Faced with the imminent death of her prized specimen, Zira employs her nephew Lucius (Lou Wagner) and Cornelius to help Taylor break out of the zoo and escape. Taylor insists on bringing Nova with them. Reluctantly, the rogue chimpanzees agree. Their plan? To revisit the ‘forbidden zone’, which Cornelius had visited previously on an unsanctioned archeological dig. It was there that Cornelius had discovered evidence of an older, and (paradoxically) more advanced human culture. Once there, the curious trio of chimp fugitives and the two humans are surrounded by gorilla troops, led by the tenacious Dr. Zaius. Taylor feigns being injured in a firefight with the troops and captures Zaius, who is forced to temporarily withdraw his troops.
Entering an archeological dig site within a cave wall, Zaius soon sees Cornelius’ evidence of the advanced human culture for himself; an artificial heart valve, a pair of rotted dentures, and ruined eyeglasses. The irony of the evidence isn’t lost on Taylor; as human frailties and weaknesses are now being used to bolster the case for human superiority. They soon uncover the most dramatic evidence of all; a battered, ancient child’s doll… that talks.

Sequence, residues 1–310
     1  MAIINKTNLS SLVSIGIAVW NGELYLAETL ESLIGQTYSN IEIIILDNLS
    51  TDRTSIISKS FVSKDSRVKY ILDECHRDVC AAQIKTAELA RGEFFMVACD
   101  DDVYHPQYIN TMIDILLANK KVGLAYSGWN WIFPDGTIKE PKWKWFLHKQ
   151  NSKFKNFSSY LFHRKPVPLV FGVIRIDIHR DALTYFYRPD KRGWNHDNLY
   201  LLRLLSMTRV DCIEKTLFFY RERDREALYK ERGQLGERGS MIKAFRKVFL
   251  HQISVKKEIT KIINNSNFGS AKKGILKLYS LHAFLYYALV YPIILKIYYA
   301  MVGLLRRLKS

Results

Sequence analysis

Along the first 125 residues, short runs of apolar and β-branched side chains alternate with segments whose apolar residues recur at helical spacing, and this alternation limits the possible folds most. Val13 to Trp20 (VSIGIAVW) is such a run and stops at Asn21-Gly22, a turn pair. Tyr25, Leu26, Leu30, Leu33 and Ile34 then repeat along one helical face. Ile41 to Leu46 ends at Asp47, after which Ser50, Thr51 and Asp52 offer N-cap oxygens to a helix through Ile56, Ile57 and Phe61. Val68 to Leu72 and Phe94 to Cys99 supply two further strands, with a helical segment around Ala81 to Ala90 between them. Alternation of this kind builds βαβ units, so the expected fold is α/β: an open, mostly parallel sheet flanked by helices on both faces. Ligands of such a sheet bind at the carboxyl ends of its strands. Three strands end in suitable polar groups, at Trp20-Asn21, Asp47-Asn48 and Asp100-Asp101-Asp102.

Lucius, standing watch outside the cave, is soon overpowered by Zaius’ troops. Taylor uses Zaius as a hostage and the troops once again fall back. Taylor has Zaius tied up, as he and Nova say their goodbyes to their ape allies who’ve helped them escape. Taylor even offers Zira a goodbye kiss (her response: “Alright… but you’re so damned ugly.”).